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also taking out administration to the estate of the husband ().

It is obvious, that in all the instances above stated, where the wife's right by survivorship, in case of her outliving her husband, would be barred by his having reduced her choses in action into possession in his lifetime, there, in the event of his surviving her, he may bring an action respecting such choses in action in his individual character, and must not sue as the administrator of his wife.

Thus where on a bond to the wife, dum sola, the husband gives a letter to another to receive the money, who receives it, and then the wife dies, the husband shall bring an action to recover it from the receiver, individually, and not as his wife's administrator (c). So where a legacy was left to a feme sole, who afterwards married, and then the husband and wife gave a letter of attorney to another to receive the money, who received it, and afterwards the wife died, and then the husband died; it was held that the action was well brought by the husband's administrator : because the receipt changed the property to the husband alone (d).

If the wife be a mortgagee in fee, the husband surviving her will be entitled to the mortgage, as her administrator, and the heir will be a trustee for him. This was admitted in Turner v. Crane (e), where, however, the heir was held entitled, on the ground that there was no covenant for payment, a distinction which does not now prevail (f).

(6) Gutteridge v. Stilwell, 1 M. tering the fund in the absence of & K. 486. Ante, p. 360. How- the owner. See also Pennington r. ever, in Loy v. Duckett, 1 Cr. & Buckley, 6 Hare, 459, by Wigram, Ph. 312, Lord Cottenham said that V. C. Sir J. Leach's view was more cor- (c) Huntley v. Griffith, Moor. rect than Lord Brougham's; be- 452. S. C. Gouldsb. 159, pl. 91. cause it would follow from Lord 1 Roll. Abr. 342, tit. Baron and Brougham's, that even where an Feme, (D.) pl. 7. executor had assented to a legacy,

(d) Ibid. he might still sue for the fund, out (e) 1 Vern. 170. S. C. 2 Ch. of which the legacy was to be paid, Rep. 242. 1 Roper, Husb, and on the strength of his legal title, Wife, 205, 2nd edit. without making the legatee a party; (f) See ante, p. 608. which would, in fact, be adminis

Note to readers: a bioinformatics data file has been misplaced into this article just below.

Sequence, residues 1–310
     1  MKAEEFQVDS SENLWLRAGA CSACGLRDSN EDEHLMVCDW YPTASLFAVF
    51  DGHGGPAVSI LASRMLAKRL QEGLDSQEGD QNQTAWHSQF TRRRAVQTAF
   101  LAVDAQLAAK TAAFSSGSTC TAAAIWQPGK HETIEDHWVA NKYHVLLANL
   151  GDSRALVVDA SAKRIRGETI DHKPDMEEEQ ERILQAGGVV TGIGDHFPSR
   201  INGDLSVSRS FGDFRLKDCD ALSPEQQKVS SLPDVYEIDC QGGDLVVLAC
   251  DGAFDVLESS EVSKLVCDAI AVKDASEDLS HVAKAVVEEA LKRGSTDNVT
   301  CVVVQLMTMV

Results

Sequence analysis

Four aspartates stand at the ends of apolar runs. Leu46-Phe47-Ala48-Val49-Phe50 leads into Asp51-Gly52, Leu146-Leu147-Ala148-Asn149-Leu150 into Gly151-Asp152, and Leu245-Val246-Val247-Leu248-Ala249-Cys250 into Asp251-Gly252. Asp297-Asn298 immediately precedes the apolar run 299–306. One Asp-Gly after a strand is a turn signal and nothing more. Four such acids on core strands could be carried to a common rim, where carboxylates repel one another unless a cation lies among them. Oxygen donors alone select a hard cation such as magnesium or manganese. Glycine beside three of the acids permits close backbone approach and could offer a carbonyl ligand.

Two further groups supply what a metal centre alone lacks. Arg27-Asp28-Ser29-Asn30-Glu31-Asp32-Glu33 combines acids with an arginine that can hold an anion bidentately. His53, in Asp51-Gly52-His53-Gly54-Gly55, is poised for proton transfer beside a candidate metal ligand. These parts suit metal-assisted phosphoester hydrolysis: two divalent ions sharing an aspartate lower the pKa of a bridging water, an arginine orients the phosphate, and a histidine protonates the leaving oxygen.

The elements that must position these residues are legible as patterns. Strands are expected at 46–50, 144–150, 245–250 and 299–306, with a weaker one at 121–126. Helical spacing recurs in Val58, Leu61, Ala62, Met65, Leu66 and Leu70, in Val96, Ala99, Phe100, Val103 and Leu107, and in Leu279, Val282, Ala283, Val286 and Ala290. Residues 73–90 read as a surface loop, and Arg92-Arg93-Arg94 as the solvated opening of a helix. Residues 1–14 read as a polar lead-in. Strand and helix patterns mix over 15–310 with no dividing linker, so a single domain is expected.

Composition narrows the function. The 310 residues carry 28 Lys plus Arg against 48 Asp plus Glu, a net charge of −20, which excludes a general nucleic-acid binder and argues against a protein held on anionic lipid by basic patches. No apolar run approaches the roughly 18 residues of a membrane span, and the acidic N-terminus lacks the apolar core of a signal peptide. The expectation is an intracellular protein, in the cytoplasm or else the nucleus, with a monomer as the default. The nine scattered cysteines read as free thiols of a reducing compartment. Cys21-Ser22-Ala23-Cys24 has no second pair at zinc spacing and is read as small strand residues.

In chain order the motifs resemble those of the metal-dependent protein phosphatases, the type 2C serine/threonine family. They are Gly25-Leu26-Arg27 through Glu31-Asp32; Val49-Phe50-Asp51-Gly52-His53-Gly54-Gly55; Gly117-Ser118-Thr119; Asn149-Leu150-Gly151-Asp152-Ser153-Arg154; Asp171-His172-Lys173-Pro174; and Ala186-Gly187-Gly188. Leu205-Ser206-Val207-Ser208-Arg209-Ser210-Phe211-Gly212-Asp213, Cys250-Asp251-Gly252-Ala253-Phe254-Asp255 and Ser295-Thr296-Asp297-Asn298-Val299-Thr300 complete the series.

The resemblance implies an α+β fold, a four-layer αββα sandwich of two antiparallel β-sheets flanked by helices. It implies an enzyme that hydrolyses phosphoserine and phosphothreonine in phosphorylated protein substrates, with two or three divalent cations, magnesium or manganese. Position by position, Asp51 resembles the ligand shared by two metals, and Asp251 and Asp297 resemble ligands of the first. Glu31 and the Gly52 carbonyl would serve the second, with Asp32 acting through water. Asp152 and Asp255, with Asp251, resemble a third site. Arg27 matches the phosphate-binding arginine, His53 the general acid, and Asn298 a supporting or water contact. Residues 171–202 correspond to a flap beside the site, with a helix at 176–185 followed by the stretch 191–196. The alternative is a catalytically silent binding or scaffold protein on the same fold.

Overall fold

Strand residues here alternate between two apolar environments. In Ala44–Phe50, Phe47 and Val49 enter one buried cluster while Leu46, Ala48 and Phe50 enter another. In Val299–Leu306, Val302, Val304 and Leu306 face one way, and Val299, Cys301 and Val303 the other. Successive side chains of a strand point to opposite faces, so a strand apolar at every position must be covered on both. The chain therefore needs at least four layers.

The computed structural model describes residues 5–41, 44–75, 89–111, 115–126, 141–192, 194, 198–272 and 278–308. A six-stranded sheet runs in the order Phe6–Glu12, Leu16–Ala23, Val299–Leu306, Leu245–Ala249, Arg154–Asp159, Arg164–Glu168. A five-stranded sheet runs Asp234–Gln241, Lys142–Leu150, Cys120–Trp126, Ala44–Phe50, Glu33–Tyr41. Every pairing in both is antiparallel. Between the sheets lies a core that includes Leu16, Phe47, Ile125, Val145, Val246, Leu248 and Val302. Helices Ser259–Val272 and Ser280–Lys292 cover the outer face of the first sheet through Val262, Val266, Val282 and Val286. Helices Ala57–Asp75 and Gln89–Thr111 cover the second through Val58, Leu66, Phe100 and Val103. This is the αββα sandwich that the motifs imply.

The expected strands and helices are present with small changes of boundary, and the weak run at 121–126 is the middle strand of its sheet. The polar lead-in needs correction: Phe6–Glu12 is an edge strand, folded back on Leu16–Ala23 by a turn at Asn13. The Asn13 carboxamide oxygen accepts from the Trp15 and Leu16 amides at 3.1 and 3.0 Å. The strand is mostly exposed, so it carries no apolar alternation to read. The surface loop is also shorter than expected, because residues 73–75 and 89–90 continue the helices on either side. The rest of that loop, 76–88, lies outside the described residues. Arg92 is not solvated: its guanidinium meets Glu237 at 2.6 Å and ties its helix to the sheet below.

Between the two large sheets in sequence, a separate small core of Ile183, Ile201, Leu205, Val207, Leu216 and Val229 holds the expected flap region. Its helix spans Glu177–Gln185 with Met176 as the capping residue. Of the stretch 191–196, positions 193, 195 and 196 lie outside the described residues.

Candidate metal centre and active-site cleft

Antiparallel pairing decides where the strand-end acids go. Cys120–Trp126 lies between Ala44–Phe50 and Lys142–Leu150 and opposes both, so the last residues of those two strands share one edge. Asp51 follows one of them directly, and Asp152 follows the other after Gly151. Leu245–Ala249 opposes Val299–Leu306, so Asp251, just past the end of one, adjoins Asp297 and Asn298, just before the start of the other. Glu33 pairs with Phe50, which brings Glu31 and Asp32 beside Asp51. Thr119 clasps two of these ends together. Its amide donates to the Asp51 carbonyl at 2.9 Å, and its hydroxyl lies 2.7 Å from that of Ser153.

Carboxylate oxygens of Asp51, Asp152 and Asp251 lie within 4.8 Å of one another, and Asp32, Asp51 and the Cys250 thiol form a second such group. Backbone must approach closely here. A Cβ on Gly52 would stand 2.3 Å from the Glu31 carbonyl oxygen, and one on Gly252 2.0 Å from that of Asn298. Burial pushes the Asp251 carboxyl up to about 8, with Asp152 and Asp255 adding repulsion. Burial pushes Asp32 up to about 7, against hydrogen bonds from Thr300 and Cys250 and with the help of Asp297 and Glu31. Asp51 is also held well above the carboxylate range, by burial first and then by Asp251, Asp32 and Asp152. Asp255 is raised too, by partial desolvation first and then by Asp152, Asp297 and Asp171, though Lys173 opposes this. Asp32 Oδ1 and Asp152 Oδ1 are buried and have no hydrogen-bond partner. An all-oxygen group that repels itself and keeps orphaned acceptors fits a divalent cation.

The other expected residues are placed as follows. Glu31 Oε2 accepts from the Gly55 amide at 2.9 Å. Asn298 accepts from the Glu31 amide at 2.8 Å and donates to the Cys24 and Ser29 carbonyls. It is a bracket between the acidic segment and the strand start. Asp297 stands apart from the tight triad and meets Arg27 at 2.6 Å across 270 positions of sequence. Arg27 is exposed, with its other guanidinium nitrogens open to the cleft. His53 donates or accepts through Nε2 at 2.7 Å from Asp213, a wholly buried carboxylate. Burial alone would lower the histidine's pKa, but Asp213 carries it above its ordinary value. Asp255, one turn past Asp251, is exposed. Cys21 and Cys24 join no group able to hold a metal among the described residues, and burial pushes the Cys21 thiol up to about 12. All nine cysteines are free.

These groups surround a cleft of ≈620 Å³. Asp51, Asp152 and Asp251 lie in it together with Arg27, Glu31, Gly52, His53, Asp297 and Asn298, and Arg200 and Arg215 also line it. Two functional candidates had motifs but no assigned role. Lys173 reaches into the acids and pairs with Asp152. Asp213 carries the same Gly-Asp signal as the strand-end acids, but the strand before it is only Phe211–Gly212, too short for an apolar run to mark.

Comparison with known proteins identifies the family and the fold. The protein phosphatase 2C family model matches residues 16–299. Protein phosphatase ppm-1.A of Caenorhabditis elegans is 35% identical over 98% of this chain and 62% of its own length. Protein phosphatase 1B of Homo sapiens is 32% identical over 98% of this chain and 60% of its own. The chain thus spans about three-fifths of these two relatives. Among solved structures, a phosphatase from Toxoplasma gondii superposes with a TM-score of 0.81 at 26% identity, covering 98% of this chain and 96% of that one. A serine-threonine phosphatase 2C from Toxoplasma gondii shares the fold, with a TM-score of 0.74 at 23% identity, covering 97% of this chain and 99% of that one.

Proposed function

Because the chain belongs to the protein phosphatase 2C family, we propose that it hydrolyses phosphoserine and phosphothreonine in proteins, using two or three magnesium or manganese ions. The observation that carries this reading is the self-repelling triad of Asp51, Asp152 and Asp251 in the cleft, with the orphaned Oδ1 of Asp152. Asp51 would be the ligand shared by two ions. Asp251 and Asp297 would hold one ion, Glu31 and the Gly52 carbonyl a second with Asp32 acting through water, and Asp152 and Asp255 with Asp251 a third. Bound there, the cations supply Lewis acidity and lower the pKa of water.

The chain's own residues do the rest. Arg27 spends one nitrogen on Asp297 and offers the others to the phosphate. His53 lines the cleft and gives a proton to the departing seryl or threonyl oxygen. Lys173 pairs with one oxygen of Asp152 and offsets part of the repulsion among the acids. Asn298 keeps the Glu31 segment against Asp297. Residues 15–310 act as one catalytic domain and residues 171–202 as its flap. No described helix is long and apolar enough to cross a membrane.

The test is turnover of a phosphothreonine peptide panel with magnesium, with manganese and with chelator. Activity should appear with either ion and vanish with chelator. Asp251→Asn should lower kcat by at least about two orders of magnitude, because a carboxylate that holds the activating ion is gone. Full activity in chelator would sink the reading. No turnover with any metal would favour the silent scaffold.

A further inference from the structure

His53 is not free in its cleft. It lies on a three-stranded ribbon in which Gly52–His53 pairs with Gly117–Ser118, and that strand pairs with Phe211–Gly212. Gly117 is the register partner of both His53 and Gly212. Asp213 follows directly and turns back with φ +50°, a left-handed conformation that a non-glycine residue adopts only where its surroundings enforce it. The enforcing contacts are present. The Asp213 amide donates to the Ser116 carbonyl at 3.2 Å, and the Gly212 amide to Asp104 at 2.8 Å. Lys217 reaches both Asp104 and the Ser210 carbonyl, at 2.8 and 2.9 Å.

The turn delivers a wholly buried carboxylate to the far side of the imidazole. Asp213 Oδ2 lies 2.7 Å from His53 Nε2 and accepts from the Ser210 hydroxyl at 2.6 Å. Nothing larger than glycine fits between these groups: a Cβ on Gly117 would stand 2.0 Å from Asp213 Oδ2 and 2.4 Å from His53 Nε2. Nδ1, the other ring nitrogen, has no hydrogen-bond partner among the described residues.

In a case where the wife and her second husband demised lands, which she held in dower from her first husband, for a term of years, reserving a rent; the rent became in arrear, and the wife died; her second husband was held entitled to the arrears, and not the heir of the first husband, who could not claim them, since he was a stranger to the lease (g).

It must be observed, that, at common law, if a feme sole was seised of a rent service, charge, or seck, in fee, fee tail, or for life, which was behind and unpaid; and she took husband, and the rent was behind again, and then the wife died; the husband should not have the arrears grown due before the marriage, but for those become due during the coverture, the husband might have had an action of debt (h). But now by the statute 32 Hen. VIII. c. 37, s. 3, if the husband survive the wife, he shall have the arrears incurred, as well before the marriage, as after (i).

So if a husband be seised with an advowson in right of his wife, and the church become void during the coverture, the wife shall have quare impedit, if she survive him, and the husband, if he survive her (k); even though he, by reason of her having had no issue, be not tenant by the curtesy (l): but if the church fell void before the coverture, the husband cannot bring a quare impedit if he survive her (m).

In these cases, when it is said, that the husband cannot at common law recover the arrears of rent due before the marriage, and that he cannot now have a quare impedit for a presentation which fell vacant before coverture, it must be understood, it is submitted), that he cannot claim them as a marital right, in his individual character: because it seems clear, that, as her administrator, he might at common law

(9) 2 Bro. 204. b. tit. Rents, pl. 10. 1 Roper, Husb. and Wife, 206, 2nd edit.

(h) Co. Lit. 162, 6, 351, b. So for the arrears of an annuity to

the wife : Anon, Owen, 3.

() Co. Lit. 351, b.
(k) Co. Lit. 351, b.
(1) Wats. C. L. 71, 72.
(m) Co. Lit. 351, b.